While claiming to be in favor of negotiating a peace deal with Israel, the Palestinian Authority leadership is seeking to unite with terror group Hamas.
Palestinian Authority leader Mahmoud Abbas’s Fatah party, following the breakdown of the U.S.-brokered peace negotiations between the PA and Israel, expects to form a unity government with the Hamas terror organization within five weeks.
The announcement was made on Tuesday and further talks are continuing on Wednesday.
Meeting at his Jerusalem office Wednesday morning with Austrian Foreign Minister Sebastian Kurz, Prime Minister Benjamin Netanyahu commented:
“The Palestinian Authority, which yesterday was talking about its dismantlement, is today talking about unity with Hamas,” which fiercely opposes any peace talks with Israel and calls for its destruction.
“You’re coming at an important time,” Netanyahu said. “We’re trying to re-launch the negotiations with the Palestinians. Every time we get to that point, Abbas stacks on an additional condition, which he knows that Israel cannot give. So instead of moving toward peace with Israel, he’s moving toward peace with Hamas.”
Palestinian Unity with Hamas or Peace with Israel?
Abbas “has to choose,” Netanyahu told Kurz. “Does he want peace with Hamas or peace with Israel? You can have one but not the other.”
“They need to decide,” he stated. “Do they want to dismantle themselves or to unite with Hamas? When they want peace, they should let us know.”
Hamas leader Ismail Haniyeh had initiated the meeting with the PA, saying it was necessary “in order to form one government, one political system and one national program” for the Palestinian Arabs.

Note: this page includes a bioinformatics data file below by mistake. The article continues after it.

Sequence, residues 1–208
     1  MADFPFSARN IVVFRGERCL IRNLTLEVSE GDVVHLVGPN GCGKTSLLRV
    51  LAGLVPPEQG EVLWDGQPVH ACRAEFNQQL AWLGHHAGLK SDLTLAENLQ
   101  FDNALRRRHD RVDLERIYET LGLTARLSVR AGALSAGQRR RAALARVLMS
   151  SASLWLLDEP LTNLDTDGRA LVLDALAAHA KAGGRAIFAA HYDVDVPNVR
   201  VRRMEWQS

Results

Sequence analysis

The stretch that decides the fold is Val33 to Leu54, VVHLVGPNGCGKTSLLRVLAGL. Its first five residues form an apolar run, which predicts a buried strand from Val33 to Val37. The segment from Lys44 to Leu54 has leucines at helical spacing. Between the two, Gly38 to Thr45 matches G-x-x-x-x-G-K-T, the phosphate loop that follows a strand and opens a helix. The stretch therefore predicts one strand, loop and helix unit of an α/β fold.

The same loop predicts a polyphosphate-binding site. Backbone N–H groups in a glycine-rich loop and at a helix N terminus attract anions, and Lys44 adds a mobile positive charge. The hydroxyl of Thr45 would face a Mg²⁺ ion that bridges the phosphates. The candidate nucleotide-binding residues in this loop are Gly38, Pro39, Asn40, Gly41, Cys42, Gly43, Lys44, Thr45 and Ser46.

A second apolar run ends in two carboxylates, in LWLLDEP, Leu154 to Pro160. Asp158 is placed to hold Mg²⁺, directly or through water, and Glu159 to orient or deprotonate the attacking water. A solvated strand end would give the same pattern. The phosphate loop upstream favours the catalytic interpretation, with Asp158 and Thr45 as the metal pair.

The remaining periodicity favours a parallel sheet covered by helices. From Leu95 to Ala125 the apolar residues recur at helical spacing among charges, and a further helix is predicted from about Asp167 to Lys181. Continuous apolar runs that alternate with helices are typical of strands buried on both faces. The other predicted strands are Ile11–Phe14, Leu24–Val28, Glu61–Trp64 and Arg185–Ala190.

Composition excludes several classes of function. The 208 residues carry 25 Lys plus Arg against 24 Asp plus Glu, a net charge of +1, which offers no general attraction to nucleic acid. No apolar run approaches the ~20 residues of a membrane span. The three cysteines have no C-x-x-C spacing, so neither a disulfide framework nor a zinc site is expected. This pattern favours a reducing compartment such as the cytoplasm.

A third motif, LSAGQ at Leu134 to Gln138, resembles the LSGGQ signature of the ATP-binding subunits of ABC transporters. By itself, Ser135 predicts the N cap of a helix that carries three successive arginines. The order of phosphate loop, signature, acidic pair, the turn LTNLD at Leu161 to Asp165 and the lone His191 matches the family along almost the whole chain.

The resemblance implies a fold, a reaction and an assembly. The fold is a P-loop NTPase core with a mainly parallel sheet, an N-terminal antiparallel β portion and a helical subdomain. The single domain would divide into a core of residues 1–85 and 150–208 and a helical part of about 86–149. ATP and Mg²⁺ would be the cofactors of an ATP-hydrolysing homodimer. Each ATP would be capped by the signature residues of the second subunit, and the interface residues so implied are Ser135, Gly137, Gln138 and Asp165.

The “continued split [between Hamas and the PA] is no longer bearable,” Haniyeh declared, adding that a government would be presented at the end of June.
Hamas rules the Gaza Strip, where terrorists launch deadly rockets at Israeli civilians in the south. The terror group had criticized PA leader Mahmoud Abbas, who heads the interim government of the PA-administered territories in Judea and Samaria, for participating in the peace talks.
While claiming he was interested in a peace deal, Abbas consistently refused to recognize the Jewish state, insisted on the freeing of notorious murderers from Israeli prisons, encouraged PA incitement to violence and glorified terrorists.
“Abbas is [former PA Chairman and arch-terrorist Yasser] Arafat in disguise,” asserted Deputy Minister Ofir Akunis. “The Palestinian leadership under Abbas just changed its tone and not its essence. Under the honey-coated words and diplomacy is hiding an extremist leadership that is not interested in peace but, rather, in endless extortion.”
It remains to be seen whether the rival groups will succeed in forming a Palestinian unity government, and if so, whether it would last. A number of previous attempts had been made with little progress.
Author: Atara Beck, Staff Writer, United with Israel